I’m beginning to feel guilty for ever having moved from my hometown of Los Angeles to at least five other locales—even a foreign country for some time (don’t tell anyone). Why the guilt? With all this talk about local, I feel like I just should have stayed home. That’s the next step, right—the ultimate in political correctness, you don’t move from your hometown but remain a local?
OK, I am possibly taking it a bit far here, but lately, it’s hard to discern what’s too far in the local movement. Consider that the 500 store-chain Winn Dixie recently launched a new ad campaign with the tagline “Local flavor since 1956;" ubiquitous Starbucks is renaming some of its Seattle stores—one to 15th Avenue Coffee and Tea; and Foster Farms is labeling its packages of chicken “locally grown”, according to Utne Reader.
Oh wait, I forgot one, shopping malls across the country are launching “buy local” campaigns to attract consumers to their local malls. Really.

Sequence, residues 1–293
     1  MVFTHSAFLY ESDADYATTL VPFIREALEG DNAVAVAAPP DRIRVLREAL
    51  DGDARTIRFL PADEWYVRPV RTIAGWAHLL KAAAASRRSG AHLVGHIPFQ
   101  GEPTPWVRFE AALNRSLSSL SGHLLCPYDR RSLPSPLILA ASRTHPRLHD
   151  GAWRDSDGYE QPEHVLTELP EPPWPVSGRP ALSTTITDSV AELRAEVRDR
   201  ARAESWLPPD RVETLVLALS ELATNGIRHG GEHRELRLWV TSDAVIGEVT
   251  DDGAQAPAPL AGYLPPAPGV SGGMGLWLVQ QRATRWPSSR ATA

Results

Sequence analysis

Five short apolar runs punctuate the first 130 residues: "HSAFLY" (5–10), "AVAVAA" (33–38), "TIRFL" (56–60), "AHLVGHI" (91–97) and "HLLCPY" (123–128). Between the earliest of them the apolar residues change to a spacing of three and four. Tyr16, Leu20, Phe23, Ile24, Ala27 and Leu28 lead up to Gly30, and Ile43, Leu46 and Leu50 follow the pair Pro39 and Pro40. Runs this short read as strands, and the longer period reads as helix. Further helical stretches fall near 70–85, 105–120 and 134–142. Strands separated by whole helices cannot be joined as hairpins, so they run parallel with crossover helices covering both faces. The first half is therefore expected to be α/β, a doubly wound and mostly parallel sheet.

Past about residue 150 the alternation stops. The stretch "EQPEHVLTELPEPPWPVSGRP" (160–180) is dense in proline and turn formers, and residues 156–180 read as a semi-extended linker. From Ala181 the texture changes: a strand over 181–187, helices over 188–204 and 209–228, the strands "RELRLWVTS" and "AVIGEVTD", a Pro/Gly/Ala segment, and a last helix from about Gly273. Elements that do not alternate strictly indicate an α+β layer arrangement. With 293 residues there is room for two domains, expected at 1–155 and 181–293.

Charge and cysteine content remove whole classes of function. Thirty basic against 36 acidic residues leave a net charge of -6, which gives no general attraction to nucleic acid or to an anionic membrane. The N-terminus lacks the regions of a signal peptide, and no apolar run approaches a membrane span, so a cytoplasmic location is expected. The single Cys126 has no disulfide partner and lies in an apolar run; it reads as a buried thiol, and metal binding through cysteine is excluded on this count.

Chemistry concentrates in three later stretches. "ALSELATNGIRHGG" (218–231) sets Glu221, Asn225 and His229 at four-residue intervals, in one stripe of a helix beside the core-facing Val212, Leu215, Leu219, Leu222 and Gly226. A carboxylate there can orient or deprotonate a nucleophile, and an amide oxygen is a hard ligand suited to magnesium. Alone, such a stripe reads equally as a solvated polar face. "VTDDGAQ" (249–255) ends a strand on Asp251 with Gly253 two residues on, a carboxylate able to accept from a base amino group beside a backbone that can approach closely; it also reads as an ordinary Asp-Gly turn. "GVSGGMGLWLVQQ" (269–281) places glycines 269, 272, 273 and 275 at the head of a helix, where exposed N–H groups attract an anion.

I am all for local, when it’s the real deal. Here in Boulder, I appreciate it when I go to a local restaurant and the bulk of its produce comes from a nearby farm (the same one where my daughter attended Organic Farm Camp last summer, meat from Colorado ranches and cheese from local goats. But when I see corporations pirate the term, it saddens me. I know I can look at it as increasing awareness of the concept, but I can’t help but worry that consumers will simply feel manipulated and the term rendered useless.
Once again I look to natural products retailers to set the integrity bar. If all natural products retailers can do their best to remain true to the local concept, then maybe their stores will be one of the few places consumers can buy local with confidence.